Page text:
Bob Lone Elk: Still waiting on justice for racism in South Dakota

"Justice For Our Children" -- a sign from the Stand Strong Against Racism Rally earlier this month in Rapid City. Photo by Charles Michael Ray / South Dakota Public Broadcasting / Twitter

Bob Lone Elk reflects on the decades of violence faced by Indian people in border towns throughout South Dakota:
I am from Porcupine, South Dakota, on the Pine Ridge Reservation. I was raised by Frank and Agnes Lone Elk, my grandparents. People would treat us like this in the town we shopped at in Gordon, Nebraska, another reservation border town. My grandparents would take me to town when I was between the ages of five and ten, my earliest memory is of getting eggs thrown on us at this town while we shopped. Going to town to shop was always supposed to be an event but teenagers would drive by and call us dirty Indians and throw eggs at us. To this day when I still shop in that town, I look at those elderly men and women who walk around there and wonder which of them threw eggs at me and my grandparents. My grandfather broke no laws when we went to town, but highway patrol always stopped and harassed us.

That was in the 1950’s. In 1993, I was in a car accident on Highway 44 and taken to the hospital in Martin, South Dakota. A small town which is half on the rez and half off. The doctor and nurse made fun of my sundance scars and medicine pouch and said they must not work if I was in the hospital. I replied and told them I was alive. Then the doctor saw the tattoo of Sitting Bull on my arm and told the nurse when she gave me the shot to shoot Sitting Bull between the eyes. And she did. Because of the way I was treated in that emergency room, I have no doubt about the elderly man, Vern Traversie getting the three K’s carved on him during surgery in Rapid City.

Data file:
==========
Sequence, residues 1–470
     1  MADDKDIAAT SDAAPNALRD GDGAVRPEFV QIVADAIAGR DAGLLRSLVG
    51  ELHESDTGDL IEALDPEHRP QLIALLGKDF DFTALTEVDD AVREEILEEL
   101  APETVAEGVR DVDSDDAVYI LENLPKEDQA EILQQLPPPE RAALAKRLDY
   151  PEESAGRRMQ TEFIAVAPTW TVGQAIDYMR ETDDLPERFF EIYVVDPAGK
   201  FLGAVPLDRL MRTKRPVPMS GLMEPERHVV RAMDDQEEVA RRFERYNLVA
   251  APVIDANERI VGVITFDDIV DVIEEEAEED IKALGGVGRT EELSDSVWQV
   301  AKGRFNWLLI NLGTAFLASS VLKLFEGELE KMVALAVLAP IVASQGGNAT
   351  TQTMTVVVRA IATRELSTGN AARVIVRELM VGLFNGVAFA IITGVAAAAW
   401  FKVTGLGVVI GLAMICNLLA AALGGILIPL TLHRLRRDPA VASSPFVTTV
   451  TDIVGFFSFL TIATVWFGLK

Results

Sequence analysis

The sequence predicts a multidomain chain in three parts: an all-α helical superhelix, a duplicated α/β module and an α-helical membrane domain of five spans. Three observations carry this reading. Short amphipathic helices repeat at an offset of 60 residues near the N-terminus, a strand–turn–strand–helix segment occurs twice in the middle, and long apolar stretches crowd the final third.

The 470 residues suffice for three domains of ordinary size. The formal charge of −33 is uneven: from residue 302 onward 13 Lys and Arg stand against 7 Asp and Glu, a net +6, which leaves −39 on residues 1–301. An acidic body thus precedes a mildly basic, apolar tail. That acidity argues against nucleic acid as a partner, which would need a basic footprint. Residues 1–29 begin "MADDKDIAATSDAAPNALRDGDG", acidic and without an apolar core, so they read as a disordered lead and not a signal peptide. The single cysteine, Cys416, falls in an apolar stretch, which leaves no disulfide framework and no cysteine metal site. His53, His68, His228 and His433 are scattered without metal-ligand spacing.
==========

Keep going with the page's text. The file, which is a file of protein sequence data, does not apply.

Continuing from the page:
At age 62 years old now, I am hoping for justice for the children from Allen. I have a feeling all will be cleared of charges after 30 days like all the cops who kill our people and like the cops who tasered that little 8 year old Lakota girl. All the unsolved murders along Rapid Creek were all Lakota men. Daniel Tiger was harassed by the cops all the time and pushed into a corner until it broke him and he retaliated.

Get the Story:
Bob Lone Elk: Growing Up with Racism Either Makes You Weak or a Warrio (Last Real Indians 2/18)

Join the Conversation
Related Stories:
Authorities file just one charge for racial attack on Indian kids (2/19)
Native Sun News: DOJ official visits Rapid City after racial flap (2/19)
Native Sun News: Rapid City paper admits error with headline (2/17)
Tim Giago: Racism continues to be tolerated in South Dakota (2/16)
Native Sun News: Rapid City reaches out to Pine Ridge youth (2/16)
Native Sun News: Second beer splashing incident investigated (2/12)
Robert Flying Hawk: Hate and racism too common in Rapid City (2/12)
Lakota Nation Invitational debates location after racial incident (2/11)
David Rooks: No consequences for pouring beer on Indian youth (2/9)
Delphine Red Shirt: Lakota children are called little sacred ones (2/6)
Jon Edwards: Racist attitudes in Rapid City are not imaginary (2/6)
Gyasi Ross: Interview with parent at hockey game in Rapid City (2/4)
Albert Bender: Indian children victimized by hockey game fans (2/4)
Investigation into mistreatment of Indian students drags out (2/3)
Tim Giago: Incident shows racism is alive and well in Rapid City (2/2)
Danielle Miller: Media lauds violence against our Indian children (2/2)
NAJA: Paper owes apology for flawed story about Indian children (2/2)
Opinion: File charges for hateful assault against Indian children (2/2)
Company claims harassment after racial incident at hockey game (1/30)
Criminal charges possible over mistreatment of Indian students (1/29)
Megan Red Shirt-Shaw: Our kids should be able to go anywhere (1/28)
Police probe racist treatment of Oglala youth at hockey game (1/28)